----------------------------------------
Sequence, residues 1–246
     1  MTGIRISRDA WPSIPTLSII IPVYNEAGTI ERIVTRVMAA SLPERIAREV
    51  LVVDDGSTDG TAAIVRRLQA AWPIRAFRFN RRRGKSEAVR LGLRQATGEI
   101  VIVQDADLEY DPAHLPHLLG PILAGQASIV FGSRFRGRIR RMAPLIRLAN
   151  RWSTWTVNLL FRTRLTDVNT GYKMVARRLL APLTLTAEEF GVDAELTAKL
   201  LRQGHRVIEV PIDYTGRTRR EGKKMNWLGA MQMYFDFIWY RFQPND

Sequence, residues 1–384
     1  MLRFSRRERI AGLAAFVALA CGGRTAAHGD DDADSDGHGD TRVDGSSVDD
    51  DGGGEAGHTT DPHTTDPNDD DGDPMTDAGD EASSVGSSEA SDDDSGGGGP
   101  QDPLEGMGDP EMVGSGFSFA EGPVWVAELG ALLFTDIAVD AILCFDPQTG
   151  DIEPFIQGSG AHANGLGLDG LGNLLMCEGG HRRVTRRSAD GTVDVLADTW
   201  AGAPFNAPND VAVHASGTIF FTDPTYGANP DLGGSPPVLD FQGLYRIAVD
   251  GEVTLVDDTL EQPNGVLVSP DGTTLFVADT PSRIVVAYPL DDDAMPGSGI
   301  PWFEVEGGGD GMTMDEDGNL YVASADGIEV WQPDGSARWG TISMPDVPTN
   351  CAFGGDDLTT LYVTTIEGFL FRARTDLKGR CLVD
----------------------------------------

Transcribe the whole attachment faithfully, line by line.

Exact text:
Sequence, residues 1–246
     1  MTGIRISRDA WPSIPTLSII IPVYNEAGTI ERIVTRVMAA SLPERIAREV
    51  LVVDDGSTDG TAAIVRRLQA AWPIRAFRFN RRRGKSEAVR LGLRQATGEI
   101  VIVQDADLEY DPAHLPHLLG PILAGQASIV FGSRFRGRIR RMAPLIRLAN
   151  RWSTWTVNLL FRTRLTDVNT GYKMVARRLL APLTLTAEEF GVDAELTAKL
   201  LRQGHRVIEV PIDYTGRTRR EGKKMNWLGA MQMYFDFIWY RFQPND

Sequence, residues 1–384
     1  MLRFSRRERI AGLAAFVALA CGGRTAAHGD DDADSDGHGD TRVDGSSVDD
    51  DGGGEAGHTT DPHTTDPNDD DGDPMTDAGD EASSVGSSEA SDDDSGGGGP
   101  QDPLEGMGDP EMVGSGFSFA EGPVWVAELG ALLFTDIAVD AILCFDPQTG
   151  DIEPFIQGSG AHANGLGLDG LGNLLMCEGG HRRVTRRSAD GTVDVLADTW
   201  AGAPFNAPND VAVHASGTIF FTDPTYGANP DLGGSPPVLD FQGLYRIAVD
   251  GEVTLVDDTL EQPNGVLVSP DGTTLFVADT PSRIVVAYPL DDDAMPGSGI
   301  PWFEVEGGGD GMTMDEDGNL YVASADGIEV WQPDGSARWG TISMPDVPTN
   351  CAFGGDDLTT LYVTTIEGFL FRARTDLKGR CLVD